Are You A Boy or Girl Egg?

November 11, 2011

This past Sunday, I attended the Boston Poultry Expo.  One of the cardinal rules during these shows is that you do not converse or interact with the judges.  In fact, people are required to keep a certain distance from them.  It is very easy to spot a judge.  They don a lab coat or jacket with official badges and tagging.  I enjoyed watching from a far as the judges selected their top picks.  Later in the afternoon nearing the end of the show, I recognized one of the judges standing near me in street clothes.  I decided to strike up a conversation.

He is from New York, grew up on a farm with poultry and has been involved in his local 4-H for years.  He has been raising chickens his entire life and now his adult son is one of the best breeders in the country.  His pride oozed as he told me his relationship with chickens.  I listened closely, I could tell that I was going to learn something important.  What he told me next amazed me.  He told me that you can tell what sex of chicken will hatch out of an egg  based upon the shape of it’s egg.  According to him, eggs that have rounded tops will be females and the eggs that have pointy tops are the males.  He further went on to tell me that a researcher from Cornell University did not believe him and tested his theory in the lab.  On day 23, he received a phone call from the researcher, in shock that it was true!  I knew of those eggs.  Sometimes eggs are just too incredibly pointy not to take notice.

I came home and took some eggs out of the fridge.  I had a bowl of mostly Silkie eggs, as the larger girls were still molting.

At first I visually examined each egg.  Then I rubbed my finger over the tops of the eggs. I was able to separate them into two distinct piles; pointy verses rounded.  The piles were almost even, just a few more in the “female” pile.  I would expect this to be true.  There is always a higher birth rate of females to males.

Yes, you can see a difference.  Here is a pointy egg in the back and a rounded one in the front.

When I had heard what this judge was telling me at the show, I had to call my friend over to hear this too.  This information was exciting and intriguing to say the least.  After we finished our conversation with the judge, I told her that we had to try this experiment on our own.  She owns two incubators.  For her next hatch, she is going to put all pointy eggs in one and all rounded eggs in another.  I, for one, will surely be counting down those 21 days to see what hatches from the eggs.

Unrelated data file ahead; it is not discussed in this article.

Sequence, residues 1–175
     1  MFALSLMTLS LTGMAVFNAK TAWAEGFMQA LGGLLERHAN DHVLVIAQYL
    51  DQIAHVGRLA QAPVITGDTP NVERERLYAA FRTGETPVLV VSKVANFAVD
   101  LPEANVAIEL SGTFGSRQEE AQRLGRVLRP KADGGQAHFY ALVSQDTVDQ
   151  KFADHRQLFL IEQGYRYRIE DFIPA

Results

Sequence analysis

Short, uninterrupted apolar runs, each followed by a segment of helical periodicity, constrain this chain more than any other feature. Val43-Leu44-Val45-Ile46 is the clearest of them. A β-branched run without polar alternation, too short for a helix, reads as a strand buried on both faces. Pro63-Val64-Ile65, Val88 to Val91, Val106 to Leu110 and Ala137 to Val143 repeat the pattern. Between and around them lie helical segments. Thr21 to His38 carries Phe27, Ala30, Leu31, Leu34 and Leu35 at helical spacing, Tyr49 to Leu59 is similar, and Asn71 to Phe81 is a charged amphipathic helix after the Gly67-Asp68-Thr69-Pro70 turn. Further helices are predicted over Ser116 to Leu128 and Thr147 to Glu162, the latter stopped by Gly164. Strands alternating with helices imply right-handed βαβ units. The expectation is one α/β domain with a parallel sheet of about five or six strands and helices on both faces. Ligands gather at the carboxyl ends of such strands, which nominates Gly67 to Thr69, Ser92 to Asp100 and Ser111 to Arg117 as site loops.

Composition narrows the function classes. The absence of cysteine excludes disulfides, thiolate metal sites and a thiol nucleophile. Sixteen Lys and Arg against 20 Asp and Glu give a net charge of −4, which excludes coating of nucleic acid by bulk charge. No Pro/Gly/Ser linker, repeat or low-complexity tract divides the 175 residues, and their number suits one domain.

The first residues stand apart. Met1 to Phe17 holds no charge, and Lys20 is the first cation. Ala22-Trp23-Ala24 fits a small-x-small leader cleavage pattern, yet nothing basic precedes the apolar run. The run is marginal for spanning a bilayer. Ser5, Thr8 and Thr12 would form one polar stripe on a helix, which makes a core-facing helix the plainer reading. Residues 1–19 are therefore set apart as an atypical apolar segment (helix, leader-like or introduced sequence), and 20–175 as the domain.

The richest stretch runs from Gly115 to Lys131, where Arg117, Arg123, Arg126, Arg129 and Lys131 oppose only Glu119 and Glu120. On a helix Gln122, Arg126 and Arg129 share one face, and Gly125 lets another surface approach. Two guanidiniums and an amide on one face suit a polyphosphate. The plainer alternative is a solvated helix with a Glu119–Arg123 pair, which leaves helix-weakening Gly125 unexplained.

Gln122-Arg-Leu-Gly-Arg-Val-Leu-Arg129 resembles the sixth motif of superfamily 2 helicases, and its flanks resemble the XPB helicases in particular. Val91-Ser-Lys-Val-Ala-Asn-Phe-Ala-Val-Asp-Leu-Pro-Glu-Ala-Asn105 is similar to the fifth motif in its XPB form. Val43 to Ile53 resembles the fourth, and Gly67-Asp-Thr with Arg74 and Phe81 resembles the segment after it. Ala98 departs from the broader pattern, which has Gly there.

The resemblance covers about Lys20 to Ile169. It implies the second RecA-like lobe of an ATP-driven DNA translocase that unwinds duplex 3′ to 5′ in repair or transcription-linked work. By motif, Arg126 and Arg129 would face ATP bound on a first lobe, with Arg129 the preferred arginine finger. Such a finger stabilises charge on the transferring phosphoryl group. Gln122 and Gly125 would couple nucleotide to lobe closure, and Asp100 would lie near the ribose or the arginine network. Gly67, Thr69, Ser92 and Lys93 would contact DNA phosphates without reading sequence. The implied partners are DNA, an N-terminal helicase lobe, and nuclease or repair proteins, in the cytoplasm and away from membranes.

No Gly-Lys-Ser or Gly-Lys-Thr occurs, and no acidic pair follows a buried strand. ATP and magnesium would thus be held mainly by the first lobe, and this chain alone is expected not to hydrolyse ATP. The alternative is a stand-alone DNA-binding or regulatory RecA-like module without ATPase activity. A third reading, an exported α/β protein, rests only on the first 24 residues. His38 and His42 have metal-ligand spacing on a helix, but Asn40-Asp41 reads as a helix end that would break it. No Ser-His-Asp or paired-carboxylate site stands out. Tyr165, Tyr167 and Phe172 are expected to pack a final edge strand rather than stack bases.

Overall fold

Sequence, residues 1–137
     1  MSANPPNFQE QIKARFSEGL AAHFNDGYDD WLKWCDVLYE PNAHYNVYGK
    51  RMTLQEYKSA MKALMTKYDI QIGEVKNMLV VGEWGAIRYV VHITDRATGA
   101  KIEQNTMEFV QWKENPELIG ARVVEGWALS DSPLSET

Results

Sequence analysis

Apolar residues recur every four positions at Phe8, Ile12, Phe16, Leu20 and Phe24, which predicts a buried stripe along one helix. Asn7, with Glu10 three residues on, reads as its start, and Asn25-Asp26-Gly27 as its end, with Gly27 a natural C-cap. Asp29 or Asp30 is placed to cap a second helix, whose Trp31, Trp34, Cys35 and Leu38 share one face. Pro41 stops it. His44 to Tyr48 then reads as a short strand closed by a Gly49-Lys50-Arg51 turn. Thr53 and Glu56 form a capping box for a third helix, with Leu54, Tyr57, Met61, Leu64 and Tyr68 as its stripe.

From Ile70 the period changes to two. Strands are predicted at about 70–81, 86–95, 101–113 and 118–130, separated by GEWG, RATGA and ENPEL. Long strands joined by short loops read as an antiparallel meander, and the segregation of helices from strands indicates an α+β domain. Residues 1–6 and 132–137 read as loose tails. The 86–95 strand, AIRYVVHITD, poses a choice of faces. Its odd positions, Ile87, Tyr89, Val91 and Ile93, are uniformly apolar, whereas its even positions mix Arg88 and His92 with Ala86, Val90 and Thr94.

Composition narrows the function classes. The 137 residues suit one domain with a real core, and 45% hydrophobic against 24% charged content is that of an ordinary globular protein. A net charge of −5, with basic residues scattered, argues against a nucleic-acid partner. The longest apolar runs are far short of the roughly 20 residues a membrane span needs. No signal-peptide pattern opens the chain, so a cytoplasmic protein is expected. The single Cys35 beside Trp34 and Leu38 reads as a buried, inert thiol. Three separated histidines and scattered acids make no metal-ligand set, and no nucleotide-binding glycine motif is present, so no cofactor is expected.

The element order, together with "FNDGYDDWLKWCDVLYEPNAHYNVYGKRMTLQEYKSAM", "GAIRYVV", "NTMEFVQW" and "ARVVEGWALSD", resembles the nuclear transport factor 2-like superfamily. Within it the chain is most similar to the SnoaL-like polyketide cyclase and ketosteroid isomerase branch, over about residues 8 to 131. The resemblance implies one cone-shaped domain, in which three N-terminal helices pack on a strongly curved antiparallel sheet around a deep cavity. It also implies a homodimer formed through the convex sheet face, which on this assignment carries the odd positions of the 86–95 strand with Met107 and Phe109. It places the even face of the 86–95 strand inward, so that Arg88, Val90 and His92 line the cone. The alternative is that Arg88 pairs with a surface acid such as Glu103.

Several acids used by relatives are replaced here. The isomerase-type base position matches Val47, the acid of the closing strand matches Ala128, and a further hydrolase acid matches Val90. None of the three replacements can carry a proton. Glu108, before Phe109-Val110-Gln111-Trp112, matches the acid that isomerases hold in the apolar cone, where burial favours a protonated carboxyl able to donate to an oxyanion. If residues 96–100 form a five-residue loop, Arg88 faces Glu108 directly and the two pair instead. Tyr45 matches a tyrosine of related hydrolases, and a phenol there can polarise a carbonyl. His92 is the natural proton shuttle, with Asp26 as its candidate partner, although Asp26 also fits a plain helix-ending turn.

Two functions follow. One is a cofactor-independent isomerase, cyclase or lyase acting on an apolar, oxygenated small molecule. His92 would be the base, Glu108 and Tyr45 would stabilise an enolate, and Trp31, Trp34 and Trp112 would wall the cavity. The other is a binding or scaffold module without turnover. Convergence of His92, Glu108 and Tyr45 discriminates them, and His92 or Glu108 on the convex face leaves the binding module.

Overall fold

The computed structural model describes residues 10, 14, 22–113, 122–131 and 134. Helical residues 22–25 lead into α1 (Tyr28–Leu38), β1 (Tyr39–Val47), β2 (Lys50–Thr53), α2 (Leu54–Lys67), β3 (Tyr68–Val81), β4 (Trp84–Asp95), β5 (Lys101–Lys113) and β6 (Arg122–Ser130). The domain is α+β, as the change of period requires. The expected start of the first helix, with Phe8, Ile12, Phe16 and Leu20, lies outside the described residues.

Photo Credits:  Tilly’s Nest

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Melissa

Hello friends, welcome! Follow along on our chicken, beekeeping, gardening, crafting and cooking adventures from Cape Cod.

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40 thoughts on “Are You A Boy or Girl Egg?”

  1. I keep thinking about Cowboy Bill and his egg gender identification claims last weekend and specifically, his claim that the Cornell researcher found the method to be 100% accurate.

    I think I'm going to call in my Facebook peeps to put this to the test. I also think the time has come for you, Ms. Tilly's Nest, to invest in a little incubator or two! 🙂

    Reply
  2. Sorry but… old wives tale. If it was an accurate method to sex eggs.. hatcheries and poultry farms would be all over it as that would save them incredible amounts of money.

    http://www.backyardpoultrymag.com/issues/6/6-3/determining_sex_in_chicks.html

    http://www.ca.uky.edu/smallflocks/sexing_chicks.html